Let's not forget Alison Brie, though, whose excellence in every facet of her performance is often overshadowed by her, let's politely say, other pleasurable endowments, even though she's game for trying just about anything and has yet to find a challenge she couldn't match. Her addition to the Troy/Abed dynamic has been particularly inspired because where they play their characters relatively straight, Annie is bubbling over with neuroses and desires, which burst through her thin veneer of self-control at the faintest provocation. Her hungry look at seeing Jeff take off his shirt was wonderfully guilt-ridden, and her skill at rapidfire emotional reactions demonstrated in her anger towards another woman calling Jeff out, then self-justification when Britta arrived. In the flat, she bounced between pride (at Britta saying she considered her a 'sister', even though both characters knew it was an obvious manipulation), terror (those strange, wonderful noises she made answering the phone to prevent Britta reaching her voicemail) and silly impersonation. Brie is at her best when asked to go to a lot of extremes in a short space of time - think chloroforming the janitor - and, once again, she hit it out of the park last night.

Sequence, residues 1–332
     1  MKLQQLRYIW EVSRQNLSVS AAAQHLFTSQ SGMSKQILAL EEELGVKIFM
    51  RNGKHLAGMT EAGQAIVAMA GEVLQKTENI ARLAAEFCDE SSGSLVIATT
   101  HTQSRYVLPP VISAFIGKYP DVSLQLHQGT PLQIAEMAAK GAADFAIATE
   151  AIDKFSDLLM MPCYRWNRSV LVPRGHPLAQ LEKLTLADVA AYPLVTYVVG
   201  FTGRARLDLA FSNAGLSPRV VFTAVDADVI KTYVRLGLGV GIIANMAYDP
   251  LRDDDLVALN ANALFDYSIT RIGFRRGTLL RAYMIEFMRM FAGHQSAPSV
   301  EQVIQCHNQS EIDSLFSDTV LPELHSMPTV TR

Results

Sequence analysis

Britta was the character at the centre of the episode's main plot, though, and with good reason. Jacobs' gift for physical comedy (her attempts to fight off Troy and Abed as they carried her back in Annie's room, along with a callback to the now-legendary 'opposite of Batman' jibe), heightened emotion (her shame at initially revealing Blade's name and occupation in the opening scene) and line delivery (pick one) make the character enormously entertaining as a presence, but she's just as much fun as a concept, an instigator to make these increasingly barmy situations make completely sense within the framework of this damaged, unjustifiably optimistic doofus of a woman, whose attempts at moral righteousness and dignity are undermined at every possible opportunity. Where the other characters are strongly defined by their performers, the writers are equally as vital in Britta's success as Jacobs, which is to take no credit away from either.